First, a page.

In linear acceleration like my example above, the dynamometer reads a value because the weight has inertia which then produce reactional force. It doesn't accelerate the weight to the opposite direction of the pull on the string, i.e. if the pull is stopped, the weight won't reverse the acceleration.
The analogy is applicable for angular acceleration, which requires a centripetal force. The centrifugal force is merely reactional, due to the inertia of the weight. If the centripetal force is stopped, the weight won't accelerate away from the center of the rotation, but merely continue with the latest velocity.
 

Offline rmolnav

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Re: What is centrifugal force?
« Reply #34 on: 05/10/2016 21:29:16 »
#33
Thank you for putting it that clear. Just a short comment, mainly aimed to others.
You say:
"If the centripetal force is stopped, the weight won't accelerate away from the center of the rotation, but merely continue with the latest velocity".
Right, but that doesnīt mean, as others say, that centrifugal force doesnīt exist, that it is only kind of sensation due the "natural" tendency of the rotating object to follow the tangent ...
As long as the centripetal force "starts", the object otherwise moving in a straight line, suffers ONLY that force, and consequently a centripetal acceleration that makes it rotate. The centrifugal one is the reaction exerted ON THE STRING (or the dynamometer if installed) by the weight.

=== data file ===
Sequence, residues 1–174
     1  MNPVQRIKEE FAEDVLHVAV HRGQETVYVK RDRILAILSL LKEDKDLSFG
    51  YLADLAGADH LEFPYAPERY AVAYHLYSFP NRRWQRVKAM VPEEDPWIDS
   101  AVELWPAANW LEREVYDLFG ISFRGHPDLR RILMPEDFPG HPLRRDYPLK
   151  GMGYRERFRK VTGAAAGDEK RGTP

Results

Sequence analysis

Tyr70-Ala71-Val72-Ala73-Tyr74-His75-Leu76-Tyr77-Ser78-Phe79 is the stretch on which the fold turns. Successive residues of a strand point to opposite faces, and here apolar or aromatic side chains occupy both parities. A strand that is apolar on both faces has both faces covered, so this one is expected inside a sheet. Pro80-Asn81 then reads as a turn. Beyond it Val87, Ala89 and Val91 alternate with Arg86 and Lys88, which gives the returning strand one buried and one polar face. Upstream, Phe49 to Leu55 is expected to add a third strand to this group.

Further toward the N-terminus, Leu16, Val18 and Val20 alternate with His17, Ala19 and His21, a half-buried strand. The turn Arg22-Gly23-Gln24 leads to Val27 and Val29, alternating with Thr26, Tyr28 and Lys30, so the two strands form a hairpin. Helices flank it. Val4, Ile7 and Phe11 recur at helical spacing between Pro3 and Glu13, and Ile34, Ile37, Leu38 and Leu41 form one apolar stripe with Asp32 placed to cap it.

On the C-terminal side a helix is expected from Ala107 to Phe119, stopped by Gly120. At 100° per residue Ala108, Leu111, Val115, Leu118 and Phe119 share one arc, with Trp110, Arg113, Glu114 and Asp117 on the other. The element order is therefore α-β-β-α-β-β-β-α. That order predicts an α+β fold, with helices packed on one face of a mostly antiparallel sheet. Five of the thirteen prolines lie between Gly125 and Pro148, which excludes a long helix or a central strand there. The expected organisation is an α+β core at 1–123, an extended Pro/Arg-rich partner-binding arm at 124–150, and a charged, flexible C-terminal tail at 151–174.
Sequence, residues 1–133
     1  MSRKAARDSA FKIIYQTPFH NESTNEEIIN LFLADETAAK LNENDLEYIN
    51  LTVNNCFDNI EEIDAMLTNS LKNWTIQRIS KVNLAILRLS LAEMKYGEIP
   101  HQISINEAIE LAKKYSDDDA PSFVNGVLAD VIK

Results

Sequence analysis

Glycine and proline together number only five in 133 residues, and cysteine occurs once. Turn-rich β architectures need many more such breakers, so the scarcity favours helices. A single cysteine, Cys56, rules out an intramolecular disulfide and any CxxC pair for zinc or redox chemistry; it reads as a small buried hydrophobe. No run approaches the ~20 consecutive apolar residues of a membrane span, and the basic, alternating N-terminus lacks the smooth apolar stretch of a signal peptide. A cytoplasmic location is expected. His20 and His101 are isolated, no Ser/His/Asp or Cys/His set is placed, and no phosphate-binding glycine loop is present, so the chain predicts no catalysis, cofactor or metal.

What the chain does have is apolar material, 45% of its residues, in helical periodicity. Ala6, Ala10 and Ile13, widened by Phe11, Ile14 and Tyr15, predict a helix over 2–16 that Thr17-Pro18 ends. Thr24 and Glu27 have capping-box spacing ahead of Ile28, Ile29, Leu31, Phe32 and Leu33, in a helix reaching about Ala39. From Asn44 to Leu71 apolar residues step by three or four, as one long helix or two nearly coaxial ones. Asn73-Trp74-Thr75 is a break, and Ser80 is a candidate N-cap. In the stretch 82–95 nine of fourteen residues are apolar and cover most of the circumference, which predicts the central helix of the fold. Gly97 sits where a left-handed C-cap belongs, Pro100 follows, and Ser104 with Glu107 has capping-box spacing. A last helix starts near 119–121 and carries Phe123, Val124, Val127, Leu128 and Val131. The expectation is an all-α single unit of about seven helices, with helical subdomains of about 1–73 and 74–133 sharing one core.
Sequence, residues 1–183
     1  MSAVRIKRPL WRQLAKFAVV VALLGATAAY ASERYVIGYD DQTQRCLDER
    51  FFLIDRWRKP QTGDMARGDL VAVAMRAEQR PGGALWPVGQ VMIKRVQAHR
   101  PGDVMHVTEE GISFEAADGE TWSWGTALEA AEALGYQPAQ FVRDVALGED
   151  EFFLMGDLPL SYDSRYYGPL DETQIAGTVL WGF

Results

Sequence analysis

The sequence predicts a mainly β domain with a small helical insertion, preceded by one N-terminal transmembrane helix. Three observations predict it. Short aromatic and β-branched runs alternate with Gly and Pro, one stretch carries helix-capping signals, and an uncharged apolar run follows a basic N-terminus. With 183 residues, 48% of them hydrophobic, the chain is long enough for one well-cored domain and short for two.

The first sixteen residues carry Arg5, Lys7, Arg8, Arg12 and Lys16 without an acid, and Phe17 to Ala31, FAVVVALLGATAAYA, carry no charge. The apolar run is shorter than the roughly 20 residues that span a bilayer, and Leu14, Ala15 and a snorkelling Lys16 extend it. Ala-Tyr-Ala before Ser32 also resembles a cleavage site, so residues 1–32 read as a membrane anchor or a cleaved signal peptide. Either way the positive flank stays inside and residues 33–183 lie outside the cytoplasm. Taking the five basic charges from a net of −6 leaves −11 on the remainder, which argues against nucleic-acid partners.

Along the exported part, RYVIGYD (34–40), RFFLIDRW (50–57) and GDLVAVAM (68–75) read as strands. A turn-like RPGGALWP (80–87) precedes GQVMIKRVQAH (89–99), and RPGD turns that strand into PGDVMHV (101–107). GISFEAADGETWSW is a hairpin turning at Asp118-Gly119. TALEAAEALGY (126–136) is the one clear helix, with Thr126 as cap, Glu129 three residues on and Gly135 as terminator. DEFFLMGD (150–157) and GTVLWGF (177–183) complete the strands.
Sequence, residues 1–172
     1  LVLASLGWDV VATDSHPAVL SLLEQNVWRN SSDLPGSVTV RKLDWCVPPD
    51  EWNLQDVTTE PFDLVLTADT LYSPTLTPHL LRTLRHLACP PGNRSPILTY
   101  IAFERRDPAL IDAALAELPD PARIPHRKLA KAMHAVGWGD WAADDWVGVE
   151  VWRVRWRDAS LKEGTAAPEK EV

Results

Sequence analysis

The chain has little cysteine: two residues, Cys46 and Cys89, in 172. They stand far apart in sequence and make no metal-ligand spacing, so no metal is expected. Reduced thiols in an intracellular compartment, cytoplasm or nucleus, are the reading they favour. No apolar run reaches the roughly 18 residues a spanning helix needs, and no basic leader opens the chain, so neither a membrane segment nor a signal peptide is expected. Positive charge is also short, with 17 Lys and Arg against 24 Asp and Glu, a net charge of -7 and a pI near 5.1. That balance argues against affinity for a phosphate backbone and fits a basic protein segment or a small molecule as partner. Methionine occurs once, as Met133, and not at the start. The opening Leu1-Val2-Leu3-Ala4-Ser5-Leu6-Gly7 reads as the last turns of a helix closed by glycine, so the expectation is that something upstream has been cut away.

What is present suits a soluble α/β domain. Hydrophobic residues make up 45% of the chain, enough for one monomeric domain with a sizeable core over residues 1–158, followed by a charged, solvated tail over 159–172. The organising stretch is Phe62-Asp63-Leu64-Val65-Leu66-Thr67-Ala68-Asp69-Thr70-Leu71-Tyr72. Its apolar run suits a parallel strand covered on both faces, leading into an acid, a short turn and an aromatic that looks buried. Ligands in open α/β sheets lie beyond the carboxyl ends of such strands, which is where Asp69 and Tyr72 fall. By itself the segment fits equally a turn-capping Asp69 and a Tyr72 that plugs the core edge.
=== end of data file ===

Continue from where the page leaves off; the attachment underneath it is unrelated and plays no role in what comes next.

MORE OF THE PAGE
Should the string brake, logically both centripetal force and its reaction (centrifugal) suddenly go to null. The previously rotating objects follows the tangent (dynamometer included if braking point is more inside), and the string falls down due to its own weight. Weights of considered objects have not being considered, supposing that are rather negligible compared to other acting forces. It only would mean that the string would shape a short cone instead of a perfect circle, but this doesnīt change our arguments.   
 

Offline puppypower

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Re: What is centrifugal force?
« Reply #35 on: 06/10/2016 11:20:29 »
Is the centrifugal force active in all rotations, from electron to galaxy rotation?
 

Offline rmolnav

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Re: What is centrifugal force?
« Reply #36 on: 07/10/2016 11:03:56 »
#35
Yesterday I sent a reply, but it is not here! I donīt know why ...
Not being English my mother tong, it takes me long time to write them! Ill try to repeat it, perhaps rather shorter.
Newton mechanics finds problems at atomic scale (quantum physics should "theoretically" be applied), and at galaxies, where the supposed existence of black holes and dark matter makes the issue very difficult to grasp.
But similarly to the couple Earth/Moon, and Sun/Earth, all satellites rotating around planets, and all planets rotating around stars, donīt move following a straight line thanks to the gravitational pull between them.
When one of the celestial objects is very massive compared to the other, this is the one which is considered to be rotating, and the pull from the other is normally called centripetal. Its reaction, the small one pulling the much bigger, could arguably be called "centrifugal", because its sense is "outward".
What actually happens is that both objects rotate around and axis at their barycenter, usually less than a radio away from the bigger object center.